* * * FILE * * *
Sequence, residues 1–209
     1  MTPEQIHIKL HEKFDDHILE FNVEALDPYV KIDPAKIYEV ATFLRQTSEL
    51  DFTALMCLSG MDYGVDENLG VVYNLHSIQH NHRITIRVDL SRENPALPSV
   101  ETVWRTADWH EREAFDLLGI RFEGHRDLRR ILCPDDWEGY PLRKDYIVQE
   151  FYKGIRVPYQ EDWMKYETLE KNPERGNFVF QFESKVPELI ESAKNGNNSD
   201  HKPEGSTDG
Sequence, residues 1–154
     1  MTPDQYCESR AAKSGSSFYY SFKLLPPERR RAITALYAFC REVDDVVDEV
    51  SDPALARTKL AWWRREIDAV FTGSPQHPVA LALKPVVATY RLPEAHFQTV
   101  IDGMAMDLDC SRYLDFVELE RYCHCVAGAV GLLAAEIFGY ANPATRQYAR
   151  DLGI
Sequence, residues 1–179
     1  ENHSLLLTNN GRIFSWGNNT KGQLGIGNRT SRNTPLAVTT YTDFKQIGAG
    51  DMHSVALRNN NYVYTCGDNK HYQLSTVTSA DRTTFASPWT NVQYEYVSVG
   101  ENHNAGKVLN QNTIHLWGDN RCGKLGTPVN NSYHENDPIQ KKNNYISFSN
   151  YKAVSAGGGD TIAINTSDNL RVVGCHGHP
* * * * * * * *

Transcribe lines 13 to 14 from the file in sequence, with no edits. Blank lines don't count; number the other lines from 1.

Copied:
     1  ENHSLLLTNN GRIFSWGNNT KGQLGIGNRT SRNTPLAVTT YTDFKQIGAG
    51  DMHSVALRNN NYVYTCGDNK HYQLSTVTSA DRTTFASPWT NVQYEYVSVG